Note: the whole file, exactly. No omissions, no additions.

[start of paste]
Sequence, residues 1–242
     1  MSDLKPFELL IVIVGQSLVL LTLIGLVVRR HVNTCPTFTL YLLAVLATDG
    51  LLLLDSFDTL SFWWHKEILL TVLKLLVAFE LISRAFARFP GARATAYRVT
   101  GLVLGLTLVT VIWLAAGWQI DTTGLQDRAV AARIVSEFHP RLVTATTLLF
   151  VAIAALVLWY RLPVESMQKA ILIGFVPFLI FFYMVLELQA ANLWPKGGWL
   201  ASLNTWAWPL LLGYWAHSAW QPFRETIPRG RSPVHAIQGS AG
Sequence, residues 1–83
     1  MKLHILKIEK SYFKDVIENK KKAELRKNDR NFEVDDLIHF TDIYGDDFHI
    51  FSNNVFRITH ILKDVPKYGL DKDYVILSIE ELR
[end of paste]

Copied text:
Sequence, residues 1–242
     1  MSDLKPFELL IVIVGQSLVL LTLIGLVVRR HVNTCPTFTL YLLAVLATDG
    51  LLLLDSFDTL SFWWHKEILL TVLKLLVAFE LISRAFARFP GARATAYRVT
   101  GLVLGLTLVT VIWLAAGWQI DTTGLQDRAV AARIVSEFHP RLVTATTLLF
   151  VAIAALVLWY RLPVESMQKA ILIGFVPFLI FFYMVLELQA ANLWPKGGWL
   201  ASLNTWAWPL LLGYWAHSAW QPFRETIPRG RSPVHAIQGS AG
Sequence, residues 1–83
     1  MKLHILKIEK SYFKDVIENK KKAELRKNDR NFEVDDLIHF TDIYGDDFHI
    51  FSNNVFRITH ILKDVPKYGL DKDYVILSIE ELR